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7 Most Polish Cities Outside of Poland


Part 1

Author: Culture.pl
Published: Oct 23 2015

It is estimated that the Polish diaspora numbers 20 million people, which is more than half of Poland’s population. Persons of Polish descent live across the entire globe, sometimes forming a large and influential population segment of foreign cities like Chicago or Toronto. Read below where to find a bit of Poland away from the homeland.

New York

Polish and American flags on Noble Street in Chicago. Photo: Andrzej Bogacz / Forum
Polish and American flags on Noble Street in New York. Photo: Andrzej Bogacz / Forum

With over 218,000 inhabitants with roots in the Land on the Vistula, the Big Apple is often called America’s most Polish town, along with Chicago. One of the city’s neighbourhoods, Greenpoint, is sometimes called Little Poland due to its strong Polish presence, which has started to settle there in the late 19th century. There are Polish food stores and restaurants galores, and there is a Polish-themed Greenpoint Arts Block Festival. Michał Wojnicz, discoverer of the famous Voynich Manuscript, came to live in New York shortly before World War I, bringing his legendary find with him, which is one of the reasons why the precious manuscript is now American-owned.


A page of the Voynich Manuscript

Voynichese – The Hardest Language on Earth

In 1912, the Polish bookseller and former revolutionary activist Michał Wojnicz, better known as Wilfrid Voynich, came into the possession of a mysterious, peculiarly illustrated 15th century book written in what appeared to be a peculiar foreign language.

Paris

Paris. Photo: Marta Darowska / Reporter
Paris. Photo: Marta Darowska / Reporter 

Many illustrious Poles, like Maria Skłodowska-Curie and Fryderyk Chopin, have strong ties to Paris. The Nobel prize winner, who was married to a Parisian, rests in a grave at the Panthéon, and the genius composer spent 18 years of his short life here and is buried at the famous Pere-Lachaise cemetery. The city has become a hotspot of Polishness in the 1830s, when a massive wave of immigrants from partitioned Poland fled there after the failed November Uprising, a Polish rebellion against Russian rule. Over the years Poles have left their mark on the city: there is a Polish school in Batignolles and a considerable Polish library. About 300,000 people with Polish roots currently live in the city.


Chopin's Gravest Fear

Chopin’s Gravest Fear

Chopin died in 1849 and was buried at the Père Lachaise Cemetery in Paris. His heart, however, was taken out and taken to Warsaw. Was it because he wanted part of him to rest eternally in his lost homeland, or was there a more macabre reason?

Toronto

Toronto, Roncesvalles Avenue in the Polish part of the city. The famous Polish festival was named after this street, photo: Andrzej Grabowski / Reporter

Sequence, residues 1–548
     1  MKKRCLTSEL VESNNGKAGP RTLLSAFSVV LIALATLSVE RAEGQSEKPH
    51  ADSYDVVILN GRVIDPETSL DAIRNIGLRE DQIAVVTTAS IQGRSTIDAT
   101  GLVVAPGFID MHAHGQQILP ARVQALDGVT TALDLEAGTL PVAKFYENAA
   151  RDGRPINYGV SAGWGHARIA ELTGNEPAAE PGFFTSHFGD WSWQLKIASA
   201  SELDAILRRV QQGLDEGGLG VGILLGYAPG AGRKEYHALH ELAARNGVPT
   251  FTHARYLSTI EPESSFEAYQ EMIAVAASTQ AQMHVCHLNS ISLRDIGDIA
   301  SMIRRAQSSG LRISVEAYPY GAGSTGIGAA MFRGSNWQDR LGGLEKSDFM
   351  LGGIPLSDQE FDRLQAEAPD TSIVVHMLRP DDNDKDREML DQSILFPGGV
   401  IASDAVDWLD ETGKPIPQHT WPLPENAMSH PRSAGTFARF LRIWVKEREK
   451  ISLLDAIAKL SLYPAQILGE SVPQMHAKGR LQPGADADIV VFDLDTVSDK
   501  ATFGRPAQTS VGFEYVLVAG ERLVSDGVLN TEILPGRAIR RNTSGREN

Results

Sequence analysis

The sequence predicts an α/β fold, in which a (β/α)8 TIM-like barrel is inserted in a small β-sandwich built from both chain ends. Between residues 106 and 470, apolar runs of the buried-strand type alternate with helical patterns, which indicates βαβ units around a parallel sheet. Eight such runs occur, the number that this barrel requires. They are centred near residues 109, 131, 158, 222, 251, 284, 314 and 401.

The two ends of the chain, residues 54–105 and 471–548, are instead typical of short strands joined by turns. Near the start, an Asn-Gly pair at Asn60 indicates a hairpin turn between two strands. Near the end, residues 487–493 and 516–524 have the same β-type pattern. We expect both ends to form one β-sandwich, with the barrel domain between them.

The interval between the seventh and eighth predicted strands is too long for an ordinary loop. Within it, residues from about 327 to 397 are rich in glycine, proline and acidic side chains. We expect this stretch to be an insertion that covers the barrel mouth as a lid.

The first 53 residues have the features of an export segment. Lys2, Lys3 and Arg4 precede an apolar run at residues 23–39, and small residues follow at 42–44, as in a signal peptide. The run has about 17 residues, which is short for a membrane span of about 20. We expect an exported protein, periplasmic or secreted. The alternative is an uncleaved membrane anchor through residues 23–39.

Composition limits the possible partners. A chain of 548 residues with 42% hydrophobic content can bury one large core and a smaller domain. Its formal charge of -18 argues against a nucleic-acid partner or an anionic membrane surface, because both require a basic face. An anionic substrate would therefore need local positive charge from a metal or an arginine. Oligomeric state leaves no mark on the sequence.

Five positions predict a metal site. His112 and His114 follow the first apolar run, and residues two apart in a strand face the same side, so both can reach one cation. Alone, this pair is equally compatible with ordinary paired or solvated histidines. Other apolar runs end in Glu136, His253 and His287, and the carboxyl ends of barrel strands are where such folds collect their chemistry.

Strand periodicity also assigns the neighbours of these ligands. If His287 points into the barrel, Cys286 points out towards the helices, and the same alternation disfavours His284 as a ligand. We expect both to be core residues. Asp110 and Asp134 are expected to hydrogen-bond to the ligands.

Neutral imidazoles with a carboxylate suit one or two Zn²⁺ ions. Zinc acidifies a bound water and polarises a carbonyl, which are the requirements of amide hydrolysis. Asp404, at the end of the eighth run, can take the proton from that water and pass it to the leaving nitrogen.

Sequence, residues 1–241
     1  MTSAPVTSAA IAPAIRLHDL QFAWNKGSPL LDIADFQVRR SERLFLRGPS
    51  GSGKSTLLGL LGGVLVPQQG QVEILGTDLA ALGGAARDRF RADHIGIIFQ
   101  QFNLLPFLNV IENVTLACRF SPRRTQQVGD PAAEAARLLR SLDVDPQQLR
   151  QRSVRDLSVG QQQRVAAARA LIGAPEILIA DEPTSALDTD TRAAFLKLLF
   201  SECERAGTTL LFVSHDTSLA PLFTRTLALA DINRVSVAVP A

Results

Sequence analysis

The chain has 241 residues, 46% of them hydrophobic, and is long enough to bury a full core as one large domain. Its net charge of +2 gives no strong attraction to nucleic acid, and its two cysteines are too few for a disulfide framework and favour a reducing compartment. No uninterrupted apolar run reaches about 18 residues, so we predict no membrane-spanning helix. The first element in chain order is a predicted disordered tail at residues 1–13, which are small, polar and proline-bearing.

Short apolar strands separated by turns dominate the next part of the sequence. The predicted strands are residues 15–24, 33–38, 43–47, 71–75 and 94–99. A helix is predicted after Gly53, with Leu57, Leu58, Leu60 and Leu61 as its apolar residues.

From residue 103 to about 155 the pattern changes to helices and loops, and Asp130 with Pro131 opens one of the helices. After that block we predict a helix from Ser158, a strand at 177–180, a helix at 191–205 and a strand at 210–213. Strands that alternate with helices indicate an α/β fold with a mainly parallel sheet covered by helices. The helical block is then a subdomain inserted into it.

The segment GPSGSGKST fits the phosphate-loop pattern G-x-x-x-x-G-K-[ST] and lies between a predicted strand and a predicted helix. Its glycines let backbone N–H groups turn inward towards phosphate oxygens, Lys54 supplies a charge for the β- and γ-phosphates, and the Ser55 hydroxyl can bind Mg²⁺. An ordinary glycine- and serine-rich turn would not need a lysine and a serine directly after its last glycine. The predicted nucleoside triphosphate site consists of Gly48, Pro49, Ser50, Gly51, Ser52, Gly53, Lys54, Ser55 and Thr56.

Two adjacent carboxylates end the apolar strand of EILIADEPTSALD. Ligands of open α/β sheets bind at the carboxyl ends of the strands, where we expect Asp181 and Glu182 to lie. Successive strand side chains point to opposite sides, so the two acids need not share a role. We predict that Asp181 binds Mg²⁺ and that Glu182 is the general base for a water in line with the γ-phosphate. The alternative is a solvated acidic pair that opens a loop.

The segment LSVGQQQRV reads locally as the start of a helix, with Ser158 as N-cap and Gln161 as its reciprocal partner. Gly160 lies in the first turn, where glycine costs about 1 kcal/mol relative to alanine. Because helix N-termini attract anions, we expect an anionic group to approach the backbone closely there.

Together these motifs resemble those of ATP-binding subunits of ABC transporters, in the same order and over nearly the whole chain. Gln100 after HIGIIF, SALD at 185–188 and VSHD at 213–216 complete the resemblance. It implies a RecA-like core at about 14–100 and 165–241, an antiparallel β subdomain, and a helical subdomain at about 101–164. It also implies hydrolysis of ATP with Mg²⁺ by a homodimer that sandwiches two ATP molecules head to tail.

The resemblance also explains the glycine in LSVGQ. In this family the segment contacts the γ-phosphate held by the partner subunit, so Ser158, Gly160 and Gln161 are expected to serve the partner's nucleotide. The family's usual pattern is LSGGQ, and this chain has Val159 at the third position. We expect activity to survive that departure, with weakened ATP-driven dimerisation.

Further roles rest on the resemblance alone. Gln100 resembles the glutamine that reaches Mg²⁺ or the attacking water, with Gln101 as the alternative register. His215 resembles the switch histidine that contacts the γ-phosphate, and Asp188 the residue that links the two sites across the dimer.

Toronto, Roncesvalles Avenue in the Polish part of the city. The famous Polish festival was named after this street, photo: Andrzej Grabowski / Reporter 

Polish immigrants started coming to Toronto in significant numbers in the 1870s. Today the city’s Polish community counts about 200 thousand, many of whom live in the Ronscevalles neighbourhood. This area is filled with Polish establishments such as the legendary Café Polonez, where you can get traditional borscht and pierogi. Once a year, Ronscevalles Avenue is closed off for the Ronscevalles Polish Festival, which features Polka music and folk dance performances. Geddy Lee, member of the famous Canadian rock band Rush, was born in Toronto to Polish-Jewish immigrants.


Kukułeczka, photo: courtesy of the band

How I Found Out That Polish Folk is Not Lame

The first time I saw them I thought: “lame”. Yes, lame. One can blame my age, or to be exact, the seventeen-year-old taken away from her friends and family to the world’s loneliest city: Perth, Western Australia.

London

Olga Sawicka and Marta Tatol, members of a Polish immigrant folk group dressed in traditional Cracovian clothes rehearsing before their show during a Polish day organized by Goniec, a Polish immigrant newspaper in Ealing (London). Photo: Piotr Małecki / Napo Images / Forum
Olga Sawicka and Marta Tatol, members of a Polish immigrant folk group dressed in traditional Cracovian clothes rehearsing before their show during a Polish day organized by Goniec, a Polish immigrant newspaper in Ealing (London). Photo: Piotr Małecki / Napo Images / Forum 

In a certain sense London was the capital of Poland for nearly half a century. From 1940 to 1989 it was the seat of the Polish government in exile, the legitimate continuation of the government of the Second Polish Republic which was abolished by Nazi Germany and the Soviet Union in 1939. After the fall of the communist regime imposed on Poland as a consequence of World War II, the government in exile returned its insignia to the Motherland, showing symbolically that real independence had been finally regained. Because of the War many Poles immigrated to London, among them Jan Pieńkowski, who became a noted English children’s books illustrator. Today, many of the approximately 185,000 Poles living in this city are recent immigrants.